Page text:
New research from Aon claims that 97 percent of employers agree that employees’ expectations of their experience in the workplace are changing.
A consistent theme throughout the research was a desire amongst office workers for more informal spaces for working and collaborating, and also private spaces for concentrating and taking telephone calls.
With three-quarters (76 percent) of office workers agreeing that a well-functioning and attractive office workplace would encourage better staff retention, the study demonstrates a link between the office workspace, the people in it, and their inclination to stay put.
For more creative thinking to come about, organizations must build a nurturing environment in which an open and collaborative culture can thrive.
A new survey released recently by the U.S. Green Building Council (USGBC) reveals employees who work in LEED-certified green buildings are happier, healthier and more productive than employees in conventional and non-LEED buildings.
65% of Generation Zers think a fun environment is essential for a good company culture vs only 22% of Baby Boomers.
A definitive mindset shift is underway—more companies are not only recognizing the value of the key role the workplace plays in enabling the workforce, they are also investing in environments with budgets reshaped in alignment with that value.
The generation now entering the workforce is sober, industrious and driven by money. They are also socially awkward and timid about taking the reins.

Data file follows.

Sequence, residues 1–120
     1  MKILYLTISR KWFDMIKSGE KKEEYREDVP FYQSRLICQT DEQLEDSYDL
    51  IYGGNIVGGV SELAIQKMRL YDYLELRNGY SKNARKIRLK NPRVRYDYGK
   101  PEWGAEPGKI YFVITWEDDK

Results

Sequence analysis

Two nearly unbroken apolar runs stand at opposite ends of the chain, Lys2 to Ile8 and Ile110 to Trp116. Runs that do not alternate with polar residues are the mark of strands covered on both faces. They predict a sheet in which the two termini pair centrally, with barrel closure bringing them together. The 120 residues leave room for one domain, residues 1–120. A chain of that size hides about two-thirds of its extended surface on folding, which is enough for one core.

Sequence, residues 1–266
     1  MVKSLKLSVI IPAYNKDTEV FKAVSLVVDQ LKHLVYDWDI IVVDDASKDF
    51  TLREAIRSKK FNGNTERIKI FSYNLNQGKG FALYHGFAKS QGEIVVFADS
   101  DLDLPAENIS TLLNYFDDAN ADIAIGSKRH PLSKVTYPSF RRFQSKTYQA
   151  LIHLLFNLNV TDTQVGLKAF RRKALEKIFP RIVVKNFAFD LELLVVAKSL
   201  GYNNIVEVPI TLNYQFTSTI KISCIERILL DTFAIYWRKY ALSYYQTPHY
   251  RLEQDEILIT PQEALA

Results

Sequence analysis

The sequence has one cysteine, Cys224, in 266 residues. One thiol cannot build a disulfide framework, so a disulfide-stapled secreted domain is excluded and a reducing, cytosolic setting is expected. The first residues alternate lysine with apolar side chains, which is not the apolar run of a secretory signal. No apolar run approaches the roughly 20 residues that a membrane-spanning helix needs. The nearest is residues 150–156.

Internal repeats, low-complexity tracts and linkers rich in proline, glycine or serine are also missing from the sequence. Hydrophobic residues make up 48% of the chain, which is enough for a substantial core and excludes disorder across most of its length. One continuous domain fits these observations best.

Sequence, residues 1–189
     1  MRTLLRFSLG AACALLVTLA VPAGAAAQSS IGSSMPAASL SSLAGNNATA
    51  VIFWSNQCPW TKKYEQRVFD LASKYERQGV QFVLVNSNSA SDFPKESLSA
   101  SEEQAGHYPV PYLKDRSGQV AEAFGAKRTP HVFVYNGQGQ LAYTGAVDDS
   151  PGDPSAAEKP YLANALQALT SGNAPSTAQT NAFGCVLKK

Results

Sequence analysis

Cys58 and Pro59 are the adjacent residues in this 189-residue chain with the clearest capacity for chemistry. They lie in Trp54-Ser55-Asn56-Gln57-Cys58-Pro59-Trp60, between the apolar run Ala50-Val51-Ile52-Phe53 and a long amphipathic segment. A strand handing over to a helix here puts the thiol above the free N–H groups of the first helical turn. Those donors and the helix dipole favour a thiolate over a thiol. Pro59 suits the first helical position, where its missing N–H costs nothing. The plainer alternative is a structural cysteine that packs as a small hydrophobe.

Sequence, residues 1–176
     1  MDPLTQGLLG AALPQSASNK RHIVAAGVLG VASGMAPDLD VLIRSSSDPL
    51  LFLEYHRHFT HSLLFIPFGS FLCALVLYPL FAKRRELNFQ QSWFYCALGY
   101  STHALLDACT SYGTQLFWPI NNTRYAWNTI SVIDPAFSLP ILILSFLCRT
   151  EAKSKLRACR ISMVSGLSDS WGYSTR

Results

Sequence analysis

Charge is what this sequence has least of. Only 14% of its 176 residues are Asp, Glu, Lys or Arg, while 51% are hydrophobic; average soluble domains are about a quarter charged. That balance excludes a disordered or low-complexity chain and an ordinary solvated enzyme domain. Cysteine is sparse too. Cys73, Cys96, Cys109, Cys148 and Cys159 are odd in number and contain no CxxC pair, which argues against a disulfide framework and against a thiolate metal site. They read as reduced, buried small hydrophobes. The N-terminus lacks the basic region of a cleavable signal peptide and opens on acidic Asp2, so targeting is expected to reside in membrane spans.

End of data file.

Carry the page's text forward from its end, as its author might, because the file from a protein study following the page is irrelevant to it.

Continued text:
The open plan debate grinds on, and the latest grist to its mill is a study from researchers led by Esther Sternberg of the University of Arizona which suggests that it is those people who work in open plan spaces that are fitter and happier than their associate employee contemporaries in cubicles and private offices.
As organizations become more distributed, more collaborative and more outsourced, the ways we work and connect are changing.
The findings prove that changes in the workplace aren't just trends — they have become expectations, and workplaces that don't address the issues will find it difficult to attract and retain the best talent.
A recently-released workplace study found height-adjustable workstations may help reduce sedentary behavior and support health even outside the workplace.
While this study is far from the first to point fingers at open office space designs, the researchers claim this is the first study of its kind to collect qualitative data on this shift in working environment instead of relying primarily on employee surveys.
More than two-thirds of global employees work remotely every week, and over 50% do so for at least half of the week, heralding a major reassessment of corporate real estate, according to a comprehensive new global study.
The number of flexible office centres tracked by Instant across the UK increased by 10 percent to 5,320 in the last year, which equates to 824,000 new desks on the market.
The Staples Workplace Survey found workers have rapidly changing expectations for the office environment. This is what employers need to know to keep workers happy and their businesses thriving.